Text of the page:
As we generally do, my extended family gathered at my parents’ house to celebrate Father’s Day. Madison was rolling through the garage on a Razor and eventually she and I made it out to the street and the garage of the uninhabited home across the street. It was the first time she was allowed to use the scooter on the street. Matty and I served as lookouts for cars. We gave Mad the all-clear, then she’d roll down our driveway, cross the street, and pop up the opposite curb and coast into the vacant garage.
At some point she went into the house to get a drink or something. Matty and I were still in the garage; I was taking pictures of the partially demolitioned home. All of a sudden, I heard my uncle shout “Madison, no!” I jerked my head around in time to see Madison coming off the curb, headed into the street. No one had given her the all-clear. No one was close enough to stop her. All I could do was watch. Since I was in the garage, I had no view of the street. Madison floated across the street in slow motion, yet I didn’t have time to form a coherent thought. It was completely out of my hands. If a car came down the road, there would have been nothing I could do to stop it, to save my daughter.
Luckily, she made it into the garage where Matty and I stood. My first emotion was relief. It quickly transitioned to rage. I took a deep breath and asked her why she did that, why she didn’t look before crossing the street. “I don’t know, dad,” she said. She looked down. “No,” I said. I grabbed her chin and lifted her head to look at me. “You know the reason and I want to hear it now.” “I was too excited,” she said, tears forming in her eyes. “I know,” I said. I placed my hand on her shoulder. “When we get excited, sometimes we forget what we’re supposed to do and we just do whatever we want,” I said. “I’m sorry, dad.” “What do you do always before crossing the street?” I asked. “Look both ways,” she said.
This is the most humbling, sobering part of the story. Lynnette and I had done our jobs. We taught her right from wrong, if not morally, then at least procedurally. And it didn’t matter. In this single instance, my daughter simply ignored something I’ve told her countless times and made a choice that could have had disastrous consequences. I have lived in this heightened state of fear and paranoia since 2008. It will never go away. Somehow my father and mother navigated this emotional prison over the course of three children. In a few months, I will find out what that was like, I suppose. But in the aftermath of yesterday’s scooter incident, I thought of all the stupid things I’ve done in my life, all those decisions I made which directly defied the teaching of my parents. I thought of how they all could have easily gone the other way. Then I thought of Madison and the 11 years between now and adulthood. I said something riddled with expletives that I don’t feel like writing here. I shook my head, took a deep breath, and exhaled slowly.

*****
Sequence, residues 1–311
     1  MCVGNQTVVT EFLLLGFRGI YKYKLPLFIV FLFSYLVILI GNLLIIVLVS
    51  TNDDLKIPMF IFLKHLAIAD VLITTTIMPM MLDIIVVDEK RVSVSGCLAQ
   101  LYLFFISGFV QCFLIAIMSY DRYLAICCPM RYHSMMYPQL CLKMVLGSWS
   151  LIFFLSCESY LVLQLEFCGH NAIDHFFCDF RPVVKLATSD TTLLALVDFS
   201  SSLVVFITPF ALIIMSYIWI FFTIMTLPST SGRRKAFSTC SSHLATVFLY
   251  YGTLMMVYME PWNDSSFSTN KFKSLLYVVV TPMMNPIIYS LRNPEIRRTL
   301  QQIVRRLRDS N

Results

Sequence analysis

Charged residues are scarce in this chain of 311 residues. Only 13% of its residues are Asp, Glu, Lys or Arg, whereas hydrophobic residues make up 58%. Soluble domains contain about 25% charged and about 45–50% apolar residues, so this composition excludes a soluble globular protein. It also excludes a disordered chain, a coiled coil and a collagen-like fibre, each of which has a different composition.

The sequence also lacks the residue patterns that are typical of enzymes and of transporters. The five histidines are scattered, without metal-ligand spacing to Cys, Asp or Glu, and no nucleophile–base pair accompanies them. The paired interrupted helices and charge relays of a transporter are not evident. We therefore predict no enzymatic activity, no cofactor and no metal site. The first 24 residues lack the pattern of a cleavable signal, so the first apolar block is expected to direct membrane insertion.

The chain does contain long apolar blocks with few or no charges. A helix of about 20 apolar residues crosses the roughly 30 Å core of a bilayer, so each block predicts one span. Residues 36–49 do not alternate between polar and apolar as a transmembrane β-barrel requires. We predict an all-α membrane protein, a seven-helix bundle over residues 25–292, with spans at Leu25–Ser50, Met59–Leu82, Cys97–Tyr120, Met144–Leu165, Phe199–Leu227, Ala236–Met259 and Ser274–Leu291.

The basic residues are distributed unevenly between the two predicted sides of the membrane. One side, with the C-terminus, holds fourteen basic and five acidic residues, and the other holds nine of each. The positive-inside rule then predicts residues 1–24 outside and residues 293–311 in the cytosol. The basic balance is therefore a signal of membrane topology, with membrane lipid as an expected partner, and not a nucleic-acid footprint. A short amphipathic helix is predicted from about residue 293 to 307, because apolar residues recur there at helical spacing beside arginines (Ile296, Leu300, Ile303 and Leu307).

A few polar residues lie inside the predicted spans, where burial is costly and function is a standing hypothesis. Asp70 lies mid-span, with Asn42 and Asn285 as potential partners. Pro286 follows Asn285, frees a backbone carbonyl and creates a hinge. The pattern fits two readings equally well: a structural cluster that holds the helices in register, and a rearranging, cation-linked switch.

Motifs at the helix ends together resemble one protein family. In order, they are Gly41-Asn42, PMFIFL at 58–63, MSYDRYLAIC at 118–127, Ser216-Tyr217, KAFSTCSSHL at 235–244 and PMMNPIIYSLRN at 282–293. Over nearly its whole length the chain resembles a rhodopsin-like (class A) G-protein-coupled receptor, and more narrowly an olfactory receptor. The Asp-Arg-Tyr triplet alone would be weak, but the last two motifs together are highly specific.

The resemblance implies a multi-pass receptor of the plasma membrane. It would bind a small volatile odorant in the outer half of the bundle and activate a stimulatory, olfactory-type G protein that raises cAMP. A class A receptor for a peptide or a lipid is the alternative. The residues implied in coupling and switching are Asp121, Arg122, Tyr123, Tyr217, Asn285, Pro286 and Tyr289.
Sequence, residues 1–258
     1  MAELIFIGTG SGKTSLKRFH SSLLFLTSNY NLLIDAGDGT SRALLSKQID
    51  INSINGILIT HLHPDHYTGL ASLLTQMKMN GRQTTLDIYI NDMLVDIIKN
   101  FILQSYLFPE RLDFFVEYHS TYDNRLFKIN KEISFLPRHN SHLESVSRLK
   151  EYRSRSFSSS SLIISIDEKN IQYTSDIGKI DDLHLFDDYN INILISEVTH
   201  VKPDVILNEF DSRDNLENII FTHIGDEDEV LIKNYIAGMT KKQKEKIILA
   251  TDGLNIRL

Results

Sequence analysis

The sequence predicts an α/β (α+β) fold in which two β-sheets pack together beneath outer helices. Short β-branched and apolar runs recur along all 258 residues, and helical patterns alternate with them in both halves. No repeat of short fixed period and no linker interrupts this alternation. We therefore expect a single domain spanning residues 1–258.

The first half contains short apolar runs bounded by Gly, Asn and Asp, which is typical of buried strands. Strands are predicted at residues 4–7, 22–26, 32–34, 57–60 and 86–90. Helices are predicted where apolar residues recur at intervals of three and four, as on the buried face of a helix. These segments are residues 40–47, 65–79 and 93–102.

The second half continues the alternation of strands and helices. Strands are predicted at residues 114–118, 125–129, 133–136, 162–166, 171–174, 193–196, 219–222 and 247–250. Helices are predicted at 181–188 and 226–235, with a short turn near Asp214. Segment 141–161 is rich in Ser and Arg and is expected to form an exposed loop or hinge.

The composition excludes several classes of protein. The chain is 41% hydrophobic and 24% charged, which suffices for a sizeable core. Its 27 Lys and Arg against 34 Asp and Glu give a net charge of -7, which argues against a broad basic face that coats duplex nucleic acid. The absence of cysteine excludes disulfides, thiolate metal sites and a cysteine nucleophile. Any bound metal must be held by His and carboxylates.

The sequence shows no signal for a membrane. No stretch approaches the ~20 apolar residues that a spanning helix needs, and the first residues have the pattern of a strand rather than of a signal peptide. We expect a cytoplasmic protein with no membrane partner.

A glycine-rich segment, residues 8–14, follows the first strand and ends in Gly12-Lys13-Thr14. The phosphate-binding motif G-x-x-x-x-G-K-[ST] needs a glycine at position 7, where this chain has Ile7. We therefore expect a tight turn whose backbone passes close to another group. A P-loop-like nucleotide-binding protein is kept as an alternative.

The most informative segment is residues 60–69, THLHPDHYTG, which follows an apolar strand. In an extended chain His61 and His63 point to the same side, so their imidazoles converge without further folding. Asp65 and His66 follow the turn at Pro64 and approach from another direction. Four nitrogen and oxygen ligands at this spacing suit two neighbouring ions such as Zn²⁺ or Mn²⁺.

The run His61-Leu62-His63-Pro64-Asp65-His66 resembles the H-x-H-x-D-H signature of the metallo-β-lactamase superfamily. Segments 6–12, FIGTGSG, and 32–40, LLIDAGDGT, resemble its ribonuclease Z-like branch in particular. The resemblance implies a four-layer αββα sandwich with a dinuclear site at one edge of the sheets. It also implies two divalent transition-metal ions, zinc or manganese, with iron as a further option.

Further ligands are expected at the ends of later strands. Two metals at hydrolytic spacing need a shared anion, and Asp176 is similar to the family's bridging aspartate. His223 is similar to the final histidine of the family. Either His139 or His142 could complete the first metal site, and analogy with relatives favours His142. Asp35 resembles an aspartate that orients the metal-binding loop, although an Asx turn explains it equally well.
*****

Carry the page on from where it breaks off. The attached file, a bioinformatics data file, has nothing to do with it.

About 10 years ago, my dad would fall asleep at about 10 AM on Saturday and Sunday mornings. Since there was no baseball field to get to, he’d wake up earlier than everyone else in the house, make breakfast, then clean up. If there was nothing pressing, he’d eventually find his way to the futon near the kitchen and slump into a mid-morning nap with Bijou laying at his feet. Now, my dad is the most efficient mini-napper I have ever seen.He falls asleep before and after meals; in the middle of our viewings of movies or sports games; on the couch or out in the garage in one of our plastic chairs.
Now in his mid-fifties, my dad is much more relaxed than I remember him growing up. That would certainly lend itself to more and longer naps, but I think it’s a by-product of being finished with his life’s work of raising three men. He no longer has to yell, threaten, command, discipline, etc. I found a woman dumb enough to take me off his hands, Matty married a saint of woman who can read things to him, and he hasn’t worried about Paul since his last B-minus in the second grade back in OLGC.
It probably isn’t true, but I like to think that my dad’s relaxed state and the ease with which he falls into naps are the results of fatigue stemming from spending his 20s through his 40s in that constant, enhanced emotional state. Often, my dad’s naps creep to that point of the soft snore which means only that his trademark harder snoring is on its way. It is like an alarm to my mom. She’ll come around and rouse my dad from his nap. Sometimes I wish I could tell my mom to let him be. I think about the way my heart stopped as Madison glided across the asphalt. Then, I think of my dad spending over half his life watching and guiding his boys, stumbling on the way to adulthood. “Nah, leave him,” I want to say to my mom. “He’s good.”
Happy Father’s Day, dad.